Ford boss Alan Mulally, who rarely makes a public appearances or grants interviews, kicked off the day with a chatty, informal talk that was long on charm but short on hard facts – or space for questions from the floor.He was predictably bullish about the prospects of a very troubled Blue Oval, though there has been encouraging progress in the reduction of its losses, which are now a fraction of their rate a year ago. Indeed, Mulally is predicting a profit for 2009. He also got revved up about the new Lincolns the company has coming, even suggesting that this domestic marque was generating models strong enough to provide the company with a premium global brand. So why not keep Jaguar and Land Rover, wondered the assembled British hacks, fine global premium brands both. There was little new on the sale of these marques, other than confirmation that the sale process was advancing solidly. But perhaps Ford’s quieter approach to the announcement of ground-breaking green technologies is shrewder, given the broken promises we’ve witnessed from many manufacturers over the introduction of fuel cell cars. Like GM, Ford is hard at it on the development of plug-in fuel cell hybrids, but has made less noise about the when and where. It is also making much of the benefits of achieving small but real improvements in fuel economy across tens of thousands of the cars it sells, through weight reduction, improved aerodynamics and the roll-out of downsized, direct injection turbo engines. The new Lincoln MKS saloon, a mostly handsome beast – intriguingly, based on the old Volvo P2x S80 platform rather than the Mondeo hardware underpinning the latest S80 – is an example with its new direct injection turbo V6, claimed to offer the power of a V8.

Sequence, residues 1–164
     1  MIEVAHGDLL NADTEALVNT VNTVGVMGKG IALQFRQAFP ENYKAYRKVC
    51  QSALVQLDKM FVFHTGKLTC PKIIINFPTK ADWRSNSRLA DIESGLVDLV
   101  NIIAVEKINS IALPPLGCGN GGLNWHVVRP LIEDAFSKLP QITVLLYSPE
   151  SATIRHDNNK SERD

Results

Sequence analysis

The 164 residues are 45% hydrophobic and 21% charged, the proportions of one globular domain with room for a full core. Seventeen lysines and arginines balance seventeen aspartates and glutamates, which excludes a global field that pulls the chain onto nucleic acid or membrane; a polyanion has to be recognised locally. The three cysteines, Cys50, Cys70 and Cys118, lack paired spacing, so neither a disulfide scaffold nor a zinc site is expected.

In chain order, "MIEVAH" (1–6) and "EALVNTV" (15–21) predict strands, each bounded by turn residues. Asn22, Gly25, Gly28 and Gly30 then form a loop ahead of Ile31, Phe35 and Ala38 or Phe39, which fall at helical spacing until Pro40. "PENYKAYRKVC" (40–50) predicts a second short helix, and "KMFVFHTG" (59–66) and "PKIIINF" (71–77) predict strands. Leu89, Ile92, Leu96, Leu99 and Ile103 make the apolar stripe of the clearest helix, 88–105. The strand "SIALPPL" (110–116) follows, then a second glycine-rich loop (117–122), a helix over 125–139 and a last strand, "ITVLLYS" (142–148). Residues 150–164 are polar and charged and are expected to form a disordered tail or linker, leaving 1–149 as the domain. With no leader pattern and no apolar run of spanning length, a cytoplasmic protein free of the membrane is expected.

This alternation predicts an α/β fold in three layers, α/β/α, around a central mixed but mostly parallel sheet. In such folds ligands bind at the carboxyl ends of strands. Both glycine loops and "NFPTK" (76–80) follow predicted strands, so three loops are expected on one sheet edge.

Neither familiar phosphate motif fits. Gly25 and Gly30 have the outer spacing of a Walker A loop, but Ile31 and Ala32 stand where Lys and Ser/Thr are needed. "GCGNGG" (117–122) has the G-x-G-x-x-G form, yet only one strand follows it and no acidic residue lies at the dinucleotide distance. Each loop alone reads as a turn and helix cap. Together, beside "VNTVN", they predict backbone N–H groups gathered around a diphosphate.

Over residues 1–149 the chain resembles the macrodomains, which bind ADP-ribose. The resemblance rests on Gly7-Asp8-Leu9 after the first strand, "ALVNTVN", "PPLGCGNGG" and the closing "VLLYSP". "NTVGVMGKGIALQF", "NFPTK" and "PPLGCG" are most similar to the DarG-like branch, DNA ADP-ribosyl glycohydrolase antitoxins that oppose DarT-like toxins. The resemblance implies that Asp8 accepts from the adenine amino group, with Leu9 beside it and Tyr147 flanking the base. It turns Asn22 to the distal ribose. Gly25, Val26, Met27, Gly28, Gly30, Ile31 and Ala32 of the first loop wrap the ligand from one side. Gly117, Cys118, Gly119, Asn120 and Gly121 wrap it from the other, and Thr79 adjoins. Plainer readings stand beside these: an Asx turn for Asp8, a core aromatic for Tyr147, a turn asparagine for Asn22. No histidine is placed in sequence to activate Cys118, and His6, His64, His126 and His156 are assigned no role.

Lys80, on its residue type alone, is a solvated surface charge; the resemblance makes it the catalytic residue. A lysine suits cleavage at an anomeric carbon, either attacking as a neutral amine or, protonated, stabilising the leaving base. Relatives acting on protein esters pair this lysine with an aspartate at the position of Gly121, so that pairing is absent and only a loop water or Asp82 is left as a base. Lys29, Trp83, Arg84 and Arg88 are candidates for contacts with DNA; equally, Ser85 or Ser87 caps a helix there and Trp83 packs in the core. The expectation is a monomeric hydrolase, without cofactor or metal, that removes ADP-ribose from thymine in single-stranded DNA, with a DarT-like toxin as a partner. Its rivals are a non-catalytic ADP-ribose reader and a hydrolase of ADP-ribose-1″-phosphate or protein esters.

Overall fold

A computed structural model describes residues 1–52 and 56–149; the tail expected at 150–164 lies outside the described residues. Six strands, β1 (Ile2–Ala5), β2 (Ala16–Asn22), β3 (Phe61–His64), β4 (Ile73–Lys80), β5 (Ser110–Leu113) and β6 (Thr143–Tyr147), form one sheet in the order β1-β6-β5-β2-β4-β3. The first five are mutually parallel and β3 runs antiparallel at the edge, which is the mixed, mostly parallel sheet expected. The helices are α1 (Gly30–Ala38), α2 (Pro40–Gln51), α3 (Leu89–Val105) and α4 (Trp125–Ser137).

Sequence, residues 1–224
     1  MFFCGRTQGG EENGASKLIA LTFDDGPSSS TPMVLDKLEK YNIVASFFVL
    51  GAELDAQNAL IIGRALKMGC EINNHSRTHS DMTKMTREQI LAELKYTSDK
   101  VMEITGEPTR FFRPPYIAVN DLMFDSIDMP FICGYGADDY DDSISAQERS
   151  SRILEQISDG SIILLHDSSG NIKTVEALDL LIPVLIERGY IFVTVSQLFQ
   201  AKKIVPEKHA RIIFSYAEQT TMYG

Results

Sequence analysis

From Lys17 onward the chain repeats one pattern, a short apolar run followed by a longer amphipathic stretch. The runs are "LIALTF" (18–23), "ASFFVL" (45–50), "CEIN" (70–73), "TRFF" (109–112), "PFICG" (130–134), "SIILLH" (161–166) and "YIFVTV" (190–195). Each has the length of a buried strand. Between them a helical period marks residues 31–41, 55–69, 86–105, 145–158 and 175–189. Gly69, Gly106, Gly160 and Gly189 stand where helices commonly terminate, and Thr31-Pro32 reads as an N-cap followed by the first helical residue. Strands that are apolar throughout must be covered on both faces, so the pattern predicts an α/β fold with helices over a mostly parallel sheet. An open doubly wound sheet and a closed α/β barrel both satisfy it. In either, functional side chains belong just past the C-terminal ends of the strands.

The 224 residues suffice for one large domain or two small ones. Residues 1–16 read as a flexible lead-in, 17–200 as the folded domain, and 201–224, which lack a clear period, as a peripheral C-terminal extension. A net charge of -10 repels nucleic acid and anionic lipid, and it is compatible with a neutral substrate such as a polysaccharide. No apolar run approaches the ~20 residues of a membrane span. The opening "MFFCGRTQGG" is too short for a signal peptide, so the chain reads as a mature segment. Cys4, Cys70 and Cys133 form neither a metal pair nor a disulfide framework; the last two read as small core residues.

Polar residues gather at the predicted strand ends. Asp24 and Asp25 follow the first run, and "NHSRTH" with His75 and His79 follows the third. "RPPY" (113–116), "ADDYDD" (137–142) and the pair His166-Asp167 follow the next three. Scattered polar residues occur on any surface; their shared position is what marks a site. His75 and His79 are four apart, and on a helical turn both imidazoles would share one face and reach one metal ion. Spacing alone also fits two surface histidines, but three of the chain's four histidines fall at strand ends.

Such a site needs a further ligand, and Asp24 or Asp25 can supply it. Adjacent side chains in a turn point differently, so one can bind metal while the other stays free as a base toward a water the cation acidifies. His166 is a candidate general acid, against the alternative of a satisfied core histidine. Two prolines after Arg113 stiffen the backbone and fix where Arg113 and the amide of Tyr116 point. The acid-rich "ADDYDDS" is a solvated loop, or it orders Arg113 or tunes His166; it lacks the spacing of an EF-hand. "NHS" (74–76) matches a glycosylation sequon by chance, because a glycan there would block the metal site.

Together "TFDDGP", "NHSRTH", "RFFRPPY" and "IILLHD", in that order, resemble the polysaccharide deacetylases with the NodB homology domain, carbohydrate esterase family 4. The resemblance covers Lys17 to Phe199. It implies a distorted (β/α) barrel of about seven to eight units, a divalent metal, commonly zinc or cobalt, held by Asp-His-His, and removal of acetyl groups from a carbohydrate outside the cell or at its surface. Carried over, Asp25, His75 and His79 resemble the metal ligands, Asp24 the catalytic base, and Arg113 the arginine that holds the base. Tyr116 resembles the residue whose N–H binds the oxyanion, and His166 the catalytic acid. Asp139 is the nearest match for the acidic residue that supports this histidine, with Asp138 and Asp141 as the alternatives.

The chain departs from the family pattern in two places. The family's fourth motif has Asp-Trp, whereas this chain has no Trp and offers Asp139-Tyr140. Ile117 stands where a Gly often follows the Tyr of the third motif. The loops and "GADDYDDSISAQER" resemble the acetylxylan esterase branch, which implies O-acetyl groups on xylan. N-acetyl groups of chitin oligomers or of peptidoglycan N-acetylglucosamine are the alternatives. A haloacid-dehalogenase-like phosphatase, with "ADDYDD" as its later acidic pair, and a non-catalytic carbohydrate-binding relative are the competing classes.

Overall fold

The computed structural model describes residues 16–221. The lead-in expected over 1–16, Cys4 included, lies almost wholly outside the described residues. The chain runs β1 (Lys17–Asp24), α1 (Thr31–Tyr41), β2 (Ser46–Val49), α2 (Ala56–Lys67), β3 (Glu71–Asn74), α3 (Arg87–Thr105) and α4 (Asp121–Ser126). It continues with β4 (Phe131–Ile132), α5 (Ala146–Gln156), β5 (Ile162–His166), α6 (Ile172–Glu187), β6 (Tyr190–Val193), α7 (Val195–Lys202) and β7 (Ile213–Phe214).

GM heralds Chevy hybrid, biofuel, fuel cell and E-Flex models